This rare craft is practiced by a lone Muslim family in India



This rare craft is practiced by a lone Muslim family in India, the Khatris, who call the sleepy hamlet of Nirona in Gujarat’s Kutch district their home. This family of traditional artists has steadfastly kept this intriguing craft alive for over three centuries, protecting it from vanishing into the folds of history.

The Prime Minister of India, Narendra Modi, gifted a couple of exquisite handcrafted Rogan paintings to the US president, Barack Obama, during his visit to the US in 2014.

Rogan printing involves using a thick bright paste to paint on plain cloth. The paste is prepared by boiling the oil of safflower, castor or linseed and pouring it into water.

This paste is mixed with chalk, colored pigment, and a binding agent to form a thick dye. The painting on the cloth is done using a stick, a rod or a metal block. Yellow, blue and red are the most frequently used colors.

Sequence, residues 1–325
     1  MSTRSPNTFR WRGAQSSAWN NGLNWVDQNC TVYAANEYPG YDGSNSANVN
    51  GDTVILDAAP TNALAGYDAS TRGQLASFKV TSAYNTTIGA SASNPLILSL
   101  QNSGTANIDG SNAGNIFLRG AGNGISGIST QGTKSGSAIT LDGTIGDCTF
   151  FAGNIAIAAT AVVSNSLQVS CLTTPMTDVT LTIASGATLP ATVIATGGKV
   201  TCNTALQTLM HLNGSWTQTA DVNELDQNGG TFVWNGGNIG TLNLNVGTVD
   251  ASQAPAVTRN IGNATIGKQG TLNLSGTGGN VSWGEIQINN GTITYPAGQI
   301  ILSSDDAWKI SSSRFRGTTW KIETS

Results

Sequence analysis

To prepare the paint, castor oil is heated in a vessel and continuously stirred for more than 12 hours till it catches fire. The paint-maker takes extreme care to ensure it doesn’t get burnt.‘The residue is then mixed with cold water until it thickens into a sticky elastic paste called rogan.

Delicate and precisely painted, Rogan paintings are often created from the artist’s own imagination. The artists, who prefer sitting on the floor while working, place a small amount of the paint paste on their palms. Next, they use oversized blunt needles or rods to gently stretch some strands, which they place on the fabric in elaborate patterns. The artists’ fingers under the fabric help the paint spread and shape the design. As the design are mostly created towards one edge of the fabric, the cloth is then folded to create a mirror image on the other side.


An extraordinary aspect of this technique is that during the entire process of the gummy paint being carefully twisted into motifs, the blunt needle never comes into contact with the cloth.


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